Some years ago I had what, for me, was the most perfect of desserts. It was at The Willows, in its period as a fine dining restaurant in a lovely old mansion in St Kilda Road, Melbourne. It was lunch time, a warm December day and there were five of us around the table. Looking out the bay windows we could see the heat and light of the noon-day sun filtering through the willow trees. We felt like something cool and refreshing for dessert. What was offered to us was nothing more than a large white plate with three elements: a pile of beautiful blackberries, a small mound of castor sugar and a large dollop of thick, farmyard style, Tasmanian cream. It was suggested that we forget cutlery and simply pick up a blackberry, douse it in a little sugar and then roll it through the cream. Simplicity and perfection combined! The sign of a very brave and confident chef.
Recently in Tasmania we had guests for lunch at Olive’s Cottage. We drove the 10 kilometres to Hillwood especially for blackberries, strawberries and raspberries, picked less than an hour earlier from a back garden abundant in all manner of fruits and vegetables!
Had it been a few decades earlier we wouldn’t have had to drive anywhere. The reason is that George had an extraordinary garden, from which most of the output ended up in Olive’s kitchen. As we sat on the back deck facing the river and looking at the lawns and garden as they now are, we could remember Dad’s layout with the vegetable garden right in front of us and to the left. We could still “see” the raspberry canes along the right-hand side of the property. Loganberries and gooseberries were planted at the bottom of the vegetable garden, near the peach, plum and greengage trees. The strawberries were planted in rows like the vegetables. If we wanted blackberries, though, we would wait until late summer for the wild ones to ripen. In those days, in the fridge there would often be a jug of fresh cream from a local farm.
Berries with cream
Obtain the best berries you can. Brush them as required to remove any dust; only wash them if you really think they need it as the appearance of the fruit can be compromised. Serve with some castor sugar and the best cream you can get. Following is a photo of what each of our guests received, with cream passed around separately.
Degree of difficulty: 1/5 (very easy). Couldn’t be simpler!
Other summer fruit ideas
Apart from the range of berries, in summer we also have nectarines, peaches, apricots, cherries and plums to choose from, and mangoes of course.
If we want to do more than just serve fruit as is, we try to keep it simple. The less you fiddle with the fruit, probably the better the outcome.
A very simple fruit salad of whole berries or chunks of other fruits is always special. If you need to bring out flavours more, sprinkle with some castor sugar, toss gently and allow to sit and chill for a few minutes or an hour or so. To liven the fruit up further, squeeze a lemon or lime over the top and gently stir through.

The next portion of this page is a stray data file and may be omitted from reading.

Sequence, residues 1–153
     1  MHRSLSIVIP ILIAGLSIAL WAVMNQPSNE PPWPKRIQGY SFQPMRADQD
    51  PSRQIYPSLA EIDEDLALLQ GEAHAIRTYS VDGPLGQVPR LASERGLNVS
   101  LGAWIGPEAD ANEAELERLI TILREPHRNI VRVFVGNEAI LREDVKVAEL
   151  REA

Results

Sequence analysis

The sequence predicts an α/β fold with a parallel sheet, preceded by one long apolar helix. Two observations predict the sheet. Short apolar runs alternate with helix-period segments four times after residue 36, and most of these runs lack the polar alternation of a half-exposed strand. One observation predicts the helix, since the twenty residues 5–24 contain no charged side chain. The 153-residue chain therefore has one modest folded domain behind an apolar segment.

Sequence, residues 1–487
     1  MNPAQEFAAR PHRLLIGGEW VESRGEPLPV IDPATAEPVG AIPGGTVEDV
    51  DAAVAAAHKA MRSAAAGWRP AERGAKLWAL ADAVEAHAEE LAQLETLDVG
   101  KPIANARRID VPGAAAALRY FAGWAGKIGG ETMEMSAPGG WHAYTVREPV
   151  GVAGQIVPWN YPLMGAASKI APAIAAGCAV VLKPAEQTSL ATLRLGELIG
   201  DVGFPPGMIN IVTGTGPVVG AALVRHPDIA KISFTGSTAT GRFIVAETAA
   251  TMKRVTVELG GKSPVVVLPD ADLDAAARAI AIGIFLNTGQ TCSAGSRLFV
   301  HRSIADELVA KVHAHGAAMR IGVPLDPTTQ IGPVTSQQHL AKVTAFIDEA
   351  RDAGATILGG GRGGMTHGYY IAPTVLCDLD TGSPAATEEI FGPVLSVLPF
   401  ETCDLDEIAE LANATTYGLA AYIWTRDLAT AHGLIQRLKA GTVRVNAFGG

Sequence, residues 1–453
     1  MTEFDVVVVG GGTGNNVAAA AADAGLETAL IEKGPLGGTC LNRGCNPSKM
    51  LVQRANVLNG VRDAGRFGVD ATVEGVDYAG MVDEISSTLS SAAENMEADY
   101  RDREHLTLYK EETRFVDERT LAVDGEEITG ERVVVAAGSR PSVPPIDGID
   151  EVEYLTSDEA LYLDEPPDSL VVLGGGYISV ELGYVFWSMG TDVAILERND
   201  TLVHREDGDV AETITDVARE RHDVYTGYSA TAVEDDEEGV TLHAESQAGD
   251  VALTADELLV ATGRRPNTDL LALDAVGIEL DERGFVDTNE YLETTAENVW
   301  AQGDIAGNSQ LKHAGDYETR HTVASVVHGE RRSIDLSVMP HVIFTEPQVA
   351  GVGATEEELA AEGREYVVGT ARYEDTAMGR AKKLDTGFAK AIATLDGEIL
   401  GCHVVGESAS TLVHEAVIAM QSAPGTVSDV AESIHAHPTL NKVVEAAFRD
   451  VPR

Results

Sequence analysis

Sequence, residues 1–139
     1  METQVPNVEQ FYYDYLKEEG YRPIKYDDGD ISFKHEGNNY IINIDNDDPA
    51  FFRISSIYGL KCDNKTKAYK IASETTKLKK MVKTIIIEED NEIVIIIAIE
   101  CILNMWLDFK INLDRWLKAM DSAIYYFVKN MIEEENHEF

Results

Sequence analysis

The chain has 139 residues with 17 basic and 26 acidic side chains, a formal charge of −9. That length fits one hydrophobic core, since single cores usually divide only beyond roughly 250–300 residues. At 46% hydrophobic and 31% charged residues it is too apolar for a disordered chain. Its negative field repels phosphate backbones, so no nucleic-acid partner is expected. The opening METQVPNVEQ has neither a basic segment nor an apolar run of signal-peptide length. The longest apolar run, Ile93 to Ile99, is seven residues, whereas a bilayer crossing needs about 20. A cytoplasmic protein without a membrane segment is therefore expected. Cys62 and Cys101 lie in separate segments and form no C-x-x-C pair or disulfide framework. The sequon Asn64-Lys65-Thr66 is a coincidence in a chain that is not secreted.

Cherries can be served whole, chilled or over ice. Or make a clafoutis – one of the simplest of desserts that is also suitable for other fruits.
Stone fruits can be macerated in some sugar and lemon or lime juice. Or marinated peaches aren’t much more difficult.
Apricots and plums are terrific poached. This is especially the case with apricots where the flavour changes enormously. If you are poaching fruit, don’t make the mistake of adding too much water and ending up with thin tasting juice and fruit. Often all you need to do is rinse the fruit and pop it in a saucepan and the residual water might be enough. Sprinkle with the desired amount of sugar and toss gently, add a smidgen more water if you think it is necessary. Then cook covered over very gentle heat, and watch it like a hawk, else the liquid will dry up and the sugar will catch and burn. Use a timer set at two minutes so that you go back and check regularly. Toss very gently as the fruit at the bottom softens. Once all the pieces of fruit look like they are on the way to softening, cover and turn off the heat. Your reward will be full-flavoured fruit in a concentrated syrup. Use the same method when stewing or poaching other fruit, like apple or rhubarb. Serve with cream. If the fruit breaks up a little, it is not the end of the world; the taste will not be affected. A safer way to using a saucepan is to put the fruit and sugar in a bowl, cover then microwave in several short steps, turning the fruit a couple of times to obtain even cooking.
If you have a lot of plums you could try this German-style cake: plum sheet cake.
To bake plums, rub a pie dish with plenty of butter, add the plums, sprinkle with sugar then bake, maybe carefully turning the fruit over once or twice.
Mangoes are, of course, mangoes!
And if you have an excess of any of these fruits, you can try this plum and berry cake.